Vladimir Levashov and Sergey Sapozhnikov will meet to discuss Sapozhnikov’s recent project The City and his artist’s book of the same name. Looking at the aesthetic potential of our habitual environments in Russian cities, they will discuss the project’s international context and the New Topographics movement.
The figure of a contemporary artist interested in physical reality rather then in new theories and strategies seems an intriguing one. Such is the figure we sense behind Sergey Sapozhnikov’s photo project that blends traditions of architectural and street photography and turns “simple and precise documentation” (Sergey Sapozhnikov) into a means of artistic expression. Sapozhnikov’s main interest lies in the space of anonymity most of us inhabit but fail to register, unconsciously dismissing our environment unless we have to focus on its particular elements. Rediscovered by Eugène Atget and French surrealists, this invisible space has been most profoundly explored by American photographers: from Walker Evans to the New Topographics movement, which has also influenced the Dusseldorf School of Photography.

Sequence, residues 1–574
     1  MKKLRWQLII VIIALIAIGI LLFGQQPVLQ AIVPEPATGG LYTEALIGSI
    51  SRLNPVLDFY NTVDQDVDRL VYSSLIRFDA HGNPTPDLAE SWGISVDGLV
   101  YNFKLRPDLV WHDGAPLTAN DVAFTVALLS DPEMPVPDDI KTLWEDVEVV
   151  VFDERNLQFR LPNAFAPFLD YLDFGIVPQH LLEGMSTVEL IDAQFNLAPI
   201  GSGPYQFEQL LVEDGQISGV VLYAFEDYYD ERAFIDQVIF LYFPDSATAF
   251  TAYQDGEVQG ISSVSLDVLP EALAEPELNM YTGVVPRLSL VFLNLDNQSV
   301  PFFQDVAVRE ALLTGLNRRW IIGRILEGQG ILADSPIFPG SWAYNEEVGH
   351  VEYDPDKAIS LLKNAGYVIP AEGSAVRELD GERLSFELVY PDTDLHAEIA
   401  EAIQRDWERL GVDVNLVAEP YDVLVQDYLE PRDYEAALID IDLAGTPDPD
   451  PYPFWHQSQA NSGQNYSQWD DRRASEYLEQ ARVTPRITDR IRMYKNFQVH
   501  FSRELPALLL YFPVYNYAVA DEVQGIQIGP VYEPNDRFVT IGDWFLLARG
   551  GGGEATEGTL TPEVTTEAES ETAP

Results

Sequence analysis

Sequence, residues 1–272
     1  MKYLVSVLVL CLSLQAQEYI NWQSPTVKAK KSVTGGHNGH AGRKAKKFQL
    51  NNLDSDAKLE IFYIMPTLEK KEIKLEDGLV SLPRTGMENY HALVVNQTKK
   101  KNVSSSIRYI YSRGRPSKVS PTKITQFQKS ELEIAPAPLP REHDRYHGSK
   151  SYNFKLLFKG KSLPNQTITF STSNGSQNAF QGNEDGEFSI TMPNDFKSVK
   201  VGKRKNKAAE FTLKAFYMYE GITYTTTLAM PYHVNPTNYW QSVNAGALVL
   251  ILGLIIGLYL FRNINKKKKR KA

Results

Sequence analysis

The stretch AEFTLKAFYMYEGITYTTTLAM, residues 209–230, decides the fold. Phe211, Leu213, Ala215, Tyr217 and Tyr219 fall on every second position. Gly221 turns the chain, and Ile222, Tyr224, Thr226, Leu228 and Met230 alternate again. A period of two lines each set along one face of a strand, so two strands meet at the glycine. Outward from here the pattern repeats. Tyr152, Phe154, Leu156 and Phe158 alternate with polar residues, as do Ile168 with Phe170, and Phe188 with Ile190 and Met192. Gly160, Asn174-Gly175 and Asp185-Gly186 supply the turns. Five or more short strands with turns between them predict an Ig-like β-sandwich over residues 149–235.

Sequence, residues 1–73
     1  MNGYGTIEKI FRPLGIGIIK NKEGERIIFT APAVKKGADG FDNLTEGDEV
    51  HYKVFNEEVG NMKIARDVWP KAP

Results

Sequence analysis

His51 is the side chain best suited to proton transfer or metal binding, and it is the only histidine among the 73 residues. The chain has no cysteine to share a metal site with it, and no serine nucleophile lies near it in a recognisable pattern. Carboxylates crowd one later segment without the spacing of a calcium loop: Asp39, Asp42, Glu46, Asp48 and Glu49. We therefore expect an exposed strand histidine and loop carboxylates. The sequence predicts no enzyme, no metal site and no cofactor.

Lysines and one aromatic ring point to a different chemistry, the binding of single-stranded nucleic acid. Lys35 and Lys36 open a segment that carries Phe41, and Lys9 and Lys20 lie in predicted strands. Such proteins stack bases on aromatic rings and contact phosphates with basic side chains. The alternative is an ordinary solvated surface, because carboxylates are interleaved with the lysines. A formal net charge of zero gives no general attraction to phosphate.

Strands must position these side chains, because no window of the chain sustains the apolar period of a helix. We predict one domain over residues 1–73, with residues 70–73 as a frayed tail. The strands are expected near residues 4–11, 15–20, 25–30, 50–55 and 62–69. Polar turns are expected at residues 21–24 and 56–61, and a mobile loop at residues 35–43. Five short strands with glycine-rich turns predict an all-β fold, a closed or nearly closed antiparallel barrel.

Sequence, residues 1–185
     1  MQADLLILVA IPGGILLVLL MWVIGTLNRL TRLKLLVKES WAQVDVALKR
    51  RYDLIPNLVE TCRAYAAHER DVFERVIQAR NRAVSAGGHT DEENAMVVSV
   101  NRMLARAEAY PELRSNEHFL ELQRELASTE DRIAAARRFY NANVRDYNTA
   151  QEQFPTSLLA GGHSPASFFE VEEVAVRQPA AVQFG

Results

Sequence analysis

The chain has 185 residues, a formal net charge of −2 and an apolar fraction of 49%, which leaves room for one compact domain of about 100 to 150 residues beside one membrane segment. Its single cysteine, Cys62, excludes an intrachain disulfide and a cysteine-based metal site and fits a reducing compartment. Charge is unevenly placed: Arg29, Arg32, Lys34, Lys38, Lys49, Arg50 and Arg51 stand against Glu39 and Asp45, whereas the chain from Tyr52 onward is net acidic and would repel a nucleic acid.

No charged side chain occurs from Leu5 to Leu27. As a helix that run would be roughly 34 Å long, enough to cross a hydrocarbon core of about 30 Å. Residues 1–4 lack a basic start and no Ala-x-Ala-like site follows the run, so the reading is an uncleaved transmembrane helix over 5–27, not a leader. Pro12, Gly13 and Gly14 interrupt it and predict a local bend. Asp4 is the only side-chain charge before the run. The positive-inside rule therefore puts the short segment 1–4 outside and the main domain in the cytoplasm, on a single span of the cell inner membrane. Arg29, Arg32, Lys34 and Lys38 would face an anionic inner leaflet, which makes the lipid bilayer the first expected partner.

Due to its total submission to ideology, Russian photography was until recently unable to produce a similar movement. Although similar phenomena could be found in other arts—from Mikhail Roginsky to Irina Korina—they invited a totally different kind of visual experience. Only recently small islands of street photography have begun to form in Russian photographic practice. Each of them is different and this discussion will explore one of the most interesting of them.